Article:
I took this a few years ago at Elk Lake in Victoria BC. We had just arrived on the ferry and stopped several times on the short drive into town. The scenery around Victoria is pretty awesome and you don’t have to go far to see something. In this case the sun was setting as it highlighted the trees along the lake. A tranquil scene that I tried to capture with my camera.
I’m going back to Vancouver shortly so I may hop over to the island and have a peak around. I was here in summer last so the change of seasons always shows things in a different light. Obviously it will look very different.
This is an old picture that I happened to notice as I was browsing my archives. It brought back memories and it reminded me of that trip. The other night I decided to scroll back on my iPhone images. The iPhone is ten years old and sure enough I have images going back to 2007. As I scrolled through I took a walk down memory lane and before you know it an hour had gone by, and I only made it to 2010.
The Sarasota skyline from afar is something I never get tired of. This is about a mile away. I took this while standing near a boat launch on City Island.
This happened to be one of the few times of the year it was cold and windy. That’s great for this type of photography because the air is crisp and the clouds blur against the sky when the exposure is long. The only difficulty is getting the camera to remain steady against the winds. I have a good tripod but sometimes that’s not enough. In this case I shielded the camera on one side of my SUV so that the car acted as a windbreak.
I take a lot of pictures of Sarasota. Its close and has views across the water, something I favor. A long time ago I made up a rule, let’s call it the rule of fourths. The idea is to get as many of the four elements in the picture as possible. Using fire, air, water and earth, I compose an image, the more the merrier. The rule doesn’t always work, its more of an idea than a rule. However I’ll find myself working with it in an image almost subconsciously.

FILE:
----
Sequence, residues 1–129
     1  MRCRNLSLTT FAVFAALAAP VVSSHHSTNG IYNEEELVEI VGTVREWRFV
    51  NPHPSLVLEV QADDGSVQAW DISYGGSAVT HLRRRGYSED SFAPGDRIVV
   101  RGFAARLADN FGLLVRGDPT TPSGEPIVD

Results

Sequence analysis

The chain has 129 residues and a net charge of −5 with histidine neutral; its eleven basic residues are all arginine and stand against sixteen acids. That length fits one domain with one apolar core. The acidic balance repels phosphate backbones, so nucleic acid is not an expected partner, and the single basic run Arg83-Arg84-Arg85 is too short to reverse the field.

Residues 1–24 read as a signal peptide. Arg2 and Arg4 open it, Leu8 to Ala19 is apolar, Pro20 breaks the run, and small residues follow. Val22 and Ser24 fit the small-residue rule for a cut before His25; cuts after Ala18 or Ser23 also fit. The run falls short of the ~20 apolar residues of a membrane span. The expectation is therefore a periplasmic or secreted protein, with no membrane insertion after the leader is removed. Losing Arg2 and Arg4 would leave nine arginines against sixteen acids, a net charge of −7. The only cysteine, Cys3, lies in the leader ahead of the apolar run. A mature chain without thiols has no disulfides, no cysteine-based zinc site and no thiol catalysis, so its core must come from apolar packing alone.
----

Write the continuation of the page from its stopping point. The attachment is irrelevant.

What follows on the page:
Each time I come here to take a photo the conditions are different. The last time I came it was in the morning, it’s a good sunrise spot because it faces east. Once I captured a big thunder cloud over the city on a summer afternoon. Each time I show up at the same location there will be something different, the trick is to notice; that’s the idea, not a rule.
A darkened central Amsterdam underpass creates a setting that is best described as a scene. Scenes are a combination of things that together make it more than just a place. Looking for scenes is a pastime of mine especially when walking through cities at night. Textures, light and motion combined to evoke imaginary scenarios rarely rooted in reality. As I took this the trains rumbled overhead completing the urban soundtrack of this vignette.
This underpass was something of a mystery to me when I first arrived in the city. It is across from my hotel and as I timidly explored I couldn’t see where it ended. As it was late I shied away from following it to the other end. Later I discovered it led to a busy neighborhood full of shops and bistros. But my initial trepidation contributed to a state of mind (erroneous as it was) that created this foreboding subterranean scene in my mind.
When I was a child I saw this cathedral from the outside because my aunt had an apartment directly across the street. The architecture made an impression on me that has remained to this day and the area around the cathedral occasionally appears in my dreams. With this in mind I was driving by a few weeks ago and thought to stop and look inside. I’m glad I did.
On a Monday afternoon it was empty save for an attendant. It’s a cavernous space infused with refracted light from the stained glass ribs of the spier. However what struck me most was the silence of the enormous space.
There is much to take in, but as for my camera I look for rectangles that convey one aspect. As I could not help but look up at the light coming through the windows I chose this perspective. It was late in the day and so the west facing windows conveyed the greatest light.
Just happening in on this the way I did was a complete surprise. Whatever I expected was surpassed by the combination of ambience, light and architecture. This is without question a place of inspiration.
I recently created this dreamscape from Redington Shores. The last shot I posted was facing north, however this faces in the direction of my home which is about twenty miles south as the gull flies. Not that gulls fly straight, but I digress.
Right now the weather is perfect, not too hot or too cold. But in winter the waters of the gulf have cooled. It’s a good thing because warm water in the gulf creates severe storms. Seven months of that in summer is enough. Winter is a break from all the thunder and lightning.